Competition Among Dominant Firms in Concentrated Markets: Evidence from the Italian Banking Industry
Conventional models of the industrial organisation theory usually state that in concentrated industries firms have significant market power, and that competition can be easily reduced if the leading firms collude. However, recent theoretical analyses show that strong concentration does not necessarily prevent competition among firms. In this paper we consider the Italian banking industry, where the eight largest firms operate at a national level, manage about a half of total loans, and have a notably larger dimension than the other competitors. We estimate a structural model – formed by a demand equation, a cost equation and a price cost margin equation, the latter containing a behavioural parameter – to assess the market conduct of the largest banks for the period 1988-2000. Our finding is that, in spite of their noteworthy size and significant market share, in these years the largest banks have been characterised by a more competitive conduct than the Cournot outcome: this is in line with the results of the latest literature of the field, for which in the banking industry there is often no conflict between competition and concentration.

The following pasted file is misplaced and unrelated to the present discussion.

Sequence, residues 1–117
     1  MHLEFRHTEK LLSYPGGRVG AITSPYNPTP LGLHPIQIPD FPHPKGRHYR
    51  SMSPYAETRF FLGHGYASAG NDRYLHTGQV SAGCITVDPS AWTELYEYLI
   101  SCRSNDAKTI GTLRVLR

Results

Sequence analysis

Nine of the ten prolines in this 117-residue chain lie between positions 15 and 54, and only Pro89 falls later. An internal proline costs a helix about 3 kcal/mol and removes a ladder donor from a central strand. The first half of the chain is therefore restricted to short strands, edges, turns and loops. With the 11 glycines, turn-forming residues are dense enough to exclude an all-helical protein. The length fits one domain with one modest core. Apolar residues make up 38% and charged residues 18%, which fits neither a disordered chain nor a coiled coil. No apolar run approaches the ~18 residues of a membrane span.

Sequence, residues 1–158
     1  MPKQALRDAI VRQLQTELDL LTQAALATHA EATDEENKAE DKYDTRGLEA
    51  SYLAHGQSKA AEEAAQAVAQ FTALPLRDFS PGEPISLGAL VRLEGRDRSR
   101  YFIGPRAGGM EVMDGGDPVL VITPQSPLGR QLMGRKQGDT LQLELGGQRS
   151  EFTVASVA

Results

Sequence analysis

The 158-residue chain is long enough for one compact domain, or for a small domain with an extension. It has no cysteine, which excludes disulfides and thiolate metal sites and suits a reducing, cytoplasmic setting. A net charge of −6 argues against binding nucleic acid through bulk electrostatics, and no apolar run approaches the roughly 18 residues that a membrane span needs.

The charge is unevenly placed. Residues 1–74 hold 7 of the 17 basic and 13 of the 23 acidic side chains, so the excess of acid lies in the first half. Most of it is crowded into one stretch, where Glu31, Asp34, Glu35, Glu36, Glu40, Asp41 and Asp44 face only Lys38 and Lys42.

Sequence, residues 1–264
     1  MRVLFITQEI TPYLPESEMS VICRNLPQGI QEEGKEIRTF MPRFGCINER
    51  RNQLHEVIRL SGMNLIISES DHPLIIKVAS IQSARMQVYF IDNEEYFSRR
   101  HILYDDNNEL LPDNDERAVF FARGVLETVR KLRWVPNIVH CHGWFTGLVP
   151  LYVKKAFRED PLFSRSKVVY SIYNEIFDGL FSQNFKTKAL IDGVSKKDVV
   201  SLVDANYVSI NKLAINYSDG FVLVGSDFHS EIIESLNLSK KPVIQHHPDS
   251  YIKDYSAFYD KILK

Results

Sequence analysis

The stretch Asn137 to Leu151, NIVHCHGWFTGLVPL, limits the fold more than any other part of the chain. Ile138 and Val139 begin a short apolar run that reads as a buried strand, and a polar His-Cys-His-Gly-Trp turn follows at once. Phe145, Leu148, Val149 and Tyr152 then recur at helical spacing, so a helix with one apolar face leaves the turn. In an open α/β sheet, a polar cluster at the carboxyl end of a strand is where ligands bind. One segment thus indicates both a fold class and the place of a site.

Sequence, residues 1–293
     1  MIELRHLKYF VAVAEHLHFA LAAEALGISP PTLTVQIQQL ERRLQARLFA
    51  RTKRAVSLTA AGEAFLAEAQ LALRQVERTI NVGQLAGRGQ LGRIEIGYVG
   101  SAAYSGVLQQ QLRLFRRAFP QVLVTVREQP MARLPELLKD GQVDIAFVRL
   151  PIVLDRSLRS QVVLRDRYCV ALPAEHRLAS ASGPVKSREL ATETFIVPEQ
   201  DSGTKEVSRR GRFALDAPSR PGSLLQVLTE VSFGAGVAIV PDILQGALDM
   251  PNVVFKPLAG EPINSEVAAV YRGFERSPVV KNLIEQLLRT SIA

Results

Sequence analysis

|Date of creation:||01 Nov 2002|
|Date of revision:|
|Publication status:||Published in Journal of Banking and Finance, 29, 2005, pages 1083-1093|
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- Appelbaum, Elie, 1982. "The estimation of the degree of oligopoly power," Journal of Econometrics, Elsevier, vol. 19(2-3), pages 287-299, August.
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